Full of Hell
“Rudiments of Mutilation”
Release Date: June 11, 2013
FFO: Nausea, Cursed, All Pigs Must Die, Integrity
Full of Hell are a 4-piece grinding hardcore punk band hailing from Maryland and Pennsylvania, and Rudiments of Mutilation is their second full length LP, following 2011’s The Roots of Earth are Consuming My Home. They’ve made their mark on the national scene with their unique blend of doom metal, black metal, sludge, grind, and hardcore channeled through raw energy, and Rudiments only advances and substantiates that reputation even further.
Through and through, this LP is about as bare-boned as it gets. The opening track, “Dichotomy,” is pure evil, as vocalist Dylan Walker unleashes abrasive screams over first ominous feedback, and then borderline schizophrenic drumming. The next several tracks are more straightforwardly grind, other than the apparent black metal influence briefly appearing in “Coven of the Larynx.” I like grind, but none of these songs really stood out to me personally, as they seemed to finish just as quickly as they arrived. But once “Embrace” hits, however, we hit an entirely different universe of pure rage. Droning guitars and foreboding rhythms sound behind muttered words of utter nihilistic despair, and the song segues into the massive doom escapade that is “The Lord is my Light.” From here on out, we find a band doing exactly what they do best: maintaining an absolutely no-frills, organic channel of desperate torment, only this time throughout a gradual pattern of subtle dynamics consisting of a number of influences that the band seems to have much more effectively drawn together.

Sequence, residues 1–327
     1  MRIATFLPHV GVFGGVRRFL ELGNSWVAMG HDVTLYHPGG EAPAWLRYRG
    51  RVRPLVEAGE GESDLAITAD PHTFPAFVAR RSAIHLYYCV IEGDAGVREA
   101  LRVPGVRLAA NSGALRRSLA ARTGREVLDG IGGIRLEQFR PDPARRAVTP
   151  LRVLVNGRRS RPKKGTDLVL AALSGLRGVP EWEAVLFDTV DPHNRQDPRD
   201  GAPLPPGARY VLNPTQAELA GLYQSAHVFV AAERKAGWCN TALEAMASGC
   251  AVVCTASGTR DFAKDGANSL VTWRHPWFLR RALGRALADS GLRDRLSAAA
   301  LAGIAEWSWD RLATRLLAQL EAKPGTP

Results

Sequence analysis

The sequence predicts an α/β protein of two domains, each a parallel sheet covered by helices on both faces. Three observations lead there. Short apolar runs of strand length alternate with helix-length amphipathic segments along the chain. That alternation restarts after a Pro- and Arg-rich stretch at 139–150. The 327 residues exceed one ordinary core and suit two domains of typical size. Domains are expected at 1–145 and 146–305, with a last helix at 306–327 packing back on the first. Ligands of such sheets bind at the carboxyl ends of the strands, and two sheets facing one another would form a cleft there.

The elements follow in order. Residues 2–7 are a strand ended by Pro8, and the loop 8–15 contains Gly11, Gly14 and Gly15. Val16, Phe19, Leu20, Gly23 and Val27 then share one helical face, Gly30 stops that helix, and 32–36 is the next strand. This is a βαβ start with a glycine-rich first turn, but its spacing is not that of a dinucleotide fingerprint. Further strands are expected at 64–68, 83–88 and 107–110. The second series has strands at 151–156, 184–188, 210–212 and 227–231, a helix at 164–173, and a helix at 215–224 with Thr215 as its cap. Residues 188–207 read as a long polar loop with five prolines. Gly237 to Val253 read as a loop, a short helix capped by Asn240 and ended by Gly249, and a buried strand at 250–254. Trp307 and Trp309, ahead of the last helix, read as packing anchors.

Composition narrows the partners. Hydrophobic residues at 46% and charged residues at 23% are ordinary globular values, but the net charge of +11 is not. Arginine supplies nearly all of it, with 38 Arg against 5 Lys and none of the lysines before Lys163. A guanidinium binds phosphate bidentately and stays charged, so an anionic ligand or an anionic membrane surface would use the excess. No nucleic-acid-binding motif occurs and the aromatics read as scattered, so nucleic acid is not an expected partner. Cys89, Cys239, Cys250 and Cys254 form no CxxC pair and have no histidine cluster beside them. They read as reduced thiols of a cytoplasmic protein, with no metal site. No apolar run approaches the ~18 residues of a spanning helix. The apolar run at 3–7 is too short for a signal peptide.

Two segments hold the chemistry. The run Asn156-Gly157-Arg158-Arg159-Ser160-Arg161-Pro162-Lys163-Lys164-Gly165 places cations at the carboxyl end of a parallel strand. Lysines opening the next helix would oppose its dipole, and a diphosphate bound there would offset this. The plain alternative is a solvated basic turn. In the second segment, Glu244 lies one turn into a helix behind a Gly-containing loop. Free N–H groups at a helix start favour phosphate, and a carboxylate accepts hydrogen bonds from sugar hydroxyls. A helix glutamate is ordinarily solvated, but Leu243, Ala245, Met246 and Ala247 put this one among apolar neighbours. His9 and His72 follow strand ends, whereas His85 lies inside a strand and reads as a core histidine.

Whereas the dynamics on The Roots of Earth sometimes seemed a little bit sudden, or perhaps at least drastic, forced, or far-fetched, Rudiments shows that the band has come into their own even further. They no longer seem to need to go out of their way to employ those influences, and their natural instinct for sheer psychological debauchery is the only guide they need to create a series of tracks, the natural diversity of which is only surpassed by sheer destructiveness. And it all seems fitting, too, given the record’s nihilistic theme. All that said, the grind tracks at the beginning almost seem like nothing more than filler, as the listener waits for the meat of the LP to smash its way in, which gives it a somewhat awkward feel, if not a sort of plot-like framework (in that the listeners are presented with an introduction, and exposition, and then a climax). Overall, this record was highly enjoyable, despite a rocky start.
Stream the entire record right here: